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moment he succumbed before it, blank and still as some patriarchal porpoise, lava-cooked and cast upon the beach of Hawaii.

“You wretch !” was the comparatively calm peroration of Miss Garr, "you—you horrid wretch! I have a mind to sue you for slander. How dare you put such a stigma on my character when you know, or ought to know, that George Lang is the one that is insane!”

"Oh, ah ! George Lang, my employer?” exclaimed Mr. Beanson, coming to life. “That's the gentleman you would prosecute. Well, now!”

To the intense astonishment of Archibald an increasing bitterness of manner succeeded, and he said, “If you are not insane, madam, you are certainly in your dotage. Why, look at this desk, here! Every one of these papers is a deed made out by order of the gentleman you would rob. Go along with your breach of promise! The court would send you to an asylum as sure as guns !”

Mr. Beanson's face grew brighter as his indignation grew, and his entire head was girt about with an unwonted appearance of youth. Sophia's rough handling, like sandpaper upon an antique bust, had rubbed some of the yellow mould away—had lifted that mysterious veil woven by the semblance of years, and had opened up to her eyes and ours, the perfect glories of Mr. Beanson's Golden Age.

"You came here, no doubt, madam,” continued Archibald, with no such interruption as the foregoing paragraph ; “in fact, I feel sure, madam, you came here to prevail on me to enter into a plot against my only present employer, and may be (here Mr. Beanson was very bitter in the curl of his lip and his general tone), may be?-no, I am sure, too, that you would attempt to marry me at last, as a meet punishment for being your accomplice. Oh! I see it in your eye, madam; you need not deny it!”

Miss Garr, at one time or another, since she had read Mr. Beanson's name on his card, might have thought vaguely of “prospecting” him for a husband, in case of the failure of all other claims; but to do her justice, it was only ineffable rage that Archibald saw in her eye, as he repeated—though Sophia had not attempted to speak“You need not deny it, for I tell you I see it in your eye! and as for Mr. Lang, I am doing his notary business, and a great deal of it, too, especially of late. He is selling hosts of property-hosts of property, madam, in the name and with the written consent of the Claytons. Why, the very heaviest sale is to be made to-day. Now what does this mutual confidence presuppose ? Madam,” said Mr. Beanson, rising and assuming an air of mock politeness, "if you were as sure that you are sane, as I am that he is going to marry the daughter of Mrs. Clayton, you would not have taken up so much of my valuable time from Mr. Lang's business. But, madam, this is the door,” concluded Mr. Beanson with an urbane wave of the hand, as he resumed his seat and began silently to arrange the papers before him.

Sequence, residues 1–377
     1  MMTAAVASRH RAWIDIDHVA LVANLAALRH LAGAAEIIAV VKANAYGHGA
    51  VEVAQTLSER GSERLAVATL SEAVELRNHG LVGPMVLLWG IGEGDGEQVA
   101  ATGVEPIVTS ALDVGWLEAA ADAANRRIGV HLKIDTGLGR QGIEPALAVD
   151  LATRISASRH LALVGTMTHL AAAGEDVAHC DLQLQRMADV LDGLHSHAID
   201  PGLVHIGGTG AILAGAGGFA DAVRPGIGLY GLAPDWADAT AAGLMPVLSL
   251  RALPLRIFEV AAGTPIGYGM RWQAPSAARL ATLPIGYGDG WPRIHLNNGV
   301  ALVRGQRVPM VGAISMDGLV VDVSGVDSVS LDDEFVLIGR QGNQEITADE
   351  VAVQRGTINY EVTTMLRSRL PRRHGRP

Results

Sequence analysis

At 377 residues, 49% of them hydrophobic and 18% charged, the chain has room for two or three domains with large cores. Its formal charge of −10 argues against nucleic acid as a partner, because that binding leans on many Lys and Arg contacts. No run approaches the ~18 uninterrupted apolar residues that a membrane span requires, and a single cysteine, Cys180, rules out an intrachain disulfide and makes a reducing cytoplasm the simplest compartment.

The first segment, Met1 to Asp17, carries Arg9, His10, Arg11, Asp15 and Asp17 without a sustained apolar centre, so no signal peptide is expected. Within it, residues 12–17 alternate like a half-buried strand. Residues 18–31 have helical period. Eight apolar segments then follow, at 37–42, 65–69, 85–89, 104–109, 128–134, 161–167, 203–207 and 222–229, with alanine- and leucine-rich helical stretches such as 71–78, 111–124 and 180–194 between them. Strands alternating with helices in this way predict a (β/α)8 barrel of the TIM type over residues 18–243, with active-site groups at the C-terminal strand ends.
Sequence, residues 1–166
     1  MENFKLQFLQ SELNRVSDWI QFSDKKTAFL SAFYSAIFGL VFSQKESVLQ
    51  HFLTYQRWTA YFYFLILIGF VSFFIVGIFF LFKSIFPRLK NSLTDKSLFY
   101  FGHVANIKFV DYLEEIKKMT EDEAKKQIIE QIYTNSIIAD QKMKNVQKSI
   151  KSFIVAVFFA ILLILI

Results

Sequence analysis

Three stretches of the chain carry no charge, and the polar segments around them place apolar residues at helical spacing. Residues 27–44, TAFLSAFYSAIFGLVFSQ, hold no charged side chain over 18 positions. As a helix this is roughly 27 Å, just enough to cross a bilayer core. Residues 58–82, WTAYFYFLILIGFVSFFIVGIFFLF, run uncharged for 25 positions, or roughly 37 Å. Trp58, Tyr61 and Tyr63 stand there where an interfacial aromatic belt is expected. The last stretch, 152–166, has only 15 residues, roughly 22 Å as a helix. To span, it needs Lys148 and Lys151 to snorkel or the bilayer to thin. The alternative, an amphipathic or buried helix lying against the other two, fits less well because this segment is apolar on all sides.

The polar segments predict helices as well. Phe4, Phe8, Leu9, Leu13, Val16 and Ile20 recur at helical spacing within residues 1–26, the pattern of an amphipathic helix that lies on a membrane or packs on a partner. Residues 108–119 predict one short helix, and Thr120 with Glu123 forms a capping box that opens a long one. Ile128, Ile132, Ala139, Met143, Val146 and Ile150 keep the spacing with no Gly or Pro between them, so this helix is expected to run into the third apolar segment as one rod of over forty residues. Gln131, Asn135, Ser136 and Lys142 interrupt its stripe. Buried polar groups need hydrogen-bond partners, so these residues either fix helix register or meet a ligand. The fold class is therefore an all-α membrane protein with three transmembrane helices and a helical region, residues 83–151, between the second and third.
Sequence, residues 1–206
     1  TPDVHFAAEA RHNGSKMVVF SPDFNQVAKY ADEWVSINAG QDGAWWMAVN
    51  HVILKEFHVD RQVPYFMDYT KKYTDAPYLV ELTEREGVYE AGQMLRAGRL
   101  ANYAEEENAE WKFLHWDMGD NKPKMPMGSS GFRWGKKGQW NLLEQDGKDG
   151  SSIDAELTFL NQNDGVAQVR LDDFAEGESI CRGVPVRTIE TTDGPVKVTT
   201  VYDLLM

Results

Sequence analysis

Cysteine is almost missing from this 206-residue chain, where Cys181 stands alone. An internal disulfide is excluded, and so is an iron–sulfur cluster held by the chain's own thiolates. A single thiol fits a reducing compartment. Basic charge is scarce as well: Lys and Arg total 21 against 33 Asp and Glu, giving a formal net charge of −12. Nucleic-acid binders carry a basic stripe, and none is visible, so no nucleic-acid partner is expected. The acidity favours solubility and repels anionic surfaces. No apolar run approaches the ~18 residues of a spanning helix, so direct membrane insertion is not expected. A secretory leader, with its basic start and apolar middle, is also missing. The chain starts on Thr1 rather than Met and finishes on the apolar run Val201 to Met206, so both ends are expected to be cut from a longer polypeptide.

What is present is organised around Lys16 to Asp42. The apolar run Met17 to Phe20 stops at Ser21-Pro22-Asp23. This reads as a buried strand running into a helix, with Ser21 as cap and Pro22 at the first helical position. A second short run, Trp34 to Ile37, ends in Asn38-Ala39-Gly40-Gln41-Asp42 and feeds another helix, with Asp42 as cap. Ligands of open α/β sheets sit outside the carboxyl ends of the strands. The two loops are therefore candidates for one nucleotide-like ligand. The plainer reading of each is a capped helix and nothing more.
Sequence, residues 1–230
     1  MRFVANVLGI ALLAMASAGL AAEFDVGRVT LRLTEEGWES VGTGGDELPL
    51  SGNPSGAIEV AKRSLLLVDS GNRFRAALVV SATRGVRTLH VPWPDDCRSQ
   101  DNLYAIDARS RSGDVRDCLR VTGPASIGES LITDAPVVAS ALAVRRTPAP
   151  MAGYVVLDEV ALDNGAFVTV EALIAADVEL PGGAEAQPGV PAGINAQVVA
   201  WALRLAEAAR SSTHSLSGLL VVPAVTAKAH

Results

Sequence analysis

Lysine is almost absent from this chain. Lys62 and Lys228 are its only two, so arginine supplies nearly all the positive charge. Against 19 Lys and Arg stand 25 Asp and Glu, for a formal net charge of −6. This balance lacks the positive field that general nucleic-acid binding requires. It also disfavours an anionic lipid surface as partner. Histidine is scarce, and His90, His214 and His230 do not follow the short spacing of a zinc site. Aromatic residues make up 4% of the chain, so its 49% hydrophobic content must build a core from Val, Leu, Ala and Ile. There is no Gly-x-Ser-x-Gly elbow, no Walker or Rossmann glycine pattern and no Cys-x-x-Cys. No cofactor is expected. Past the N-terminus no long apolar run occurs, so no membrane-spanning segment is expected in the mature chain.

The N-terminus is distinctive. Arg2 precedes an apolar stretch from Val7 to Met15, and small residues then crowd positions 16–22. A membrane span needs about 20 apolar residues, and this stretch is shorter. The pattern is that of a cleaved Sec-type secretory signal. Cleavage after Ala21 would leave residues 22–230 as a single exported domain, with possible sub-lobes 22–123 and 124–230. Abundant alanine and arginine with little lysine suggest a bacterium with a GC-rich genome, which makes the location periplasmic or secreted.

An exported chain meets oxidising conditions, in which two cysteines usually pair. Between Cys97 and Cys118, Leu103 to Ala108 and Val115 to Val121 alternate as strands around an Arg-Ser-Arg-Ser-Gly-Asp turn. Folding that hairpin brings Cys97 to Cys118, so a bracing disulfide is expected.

Miss Sophia, white with rage, did not stir or speak.

Involuntarily the hands of Mr. Beanson paused in the labours they had undertaken, and fell heavily, one on each side of his chair, almost to the floor. As he sat and gazed at the still shape before him, the idea of the ghost in Hamlet was suddenly suggested to the fertile mind of Mr. Beanson. This was not a remarkable conception, taken apart from its consequences; yet Mr. Beanson, forgetting the matter of gender, not only congratulated himself on the aptness of the allusion, though not expressed in words, but actually chuckled, and at last, laughed outright, as an encouragement to his own genius.

Had it not been for this fatal laugh, Miss Garr could have spoken, and her speech might have been terrible. But something came perversely up into her throat. Turning briskly upon her heel, she darted through the door to be in advance of her own tears; and she and the first brief of Mr. Archibald Beanson disappeared together.

Ralph Keeler.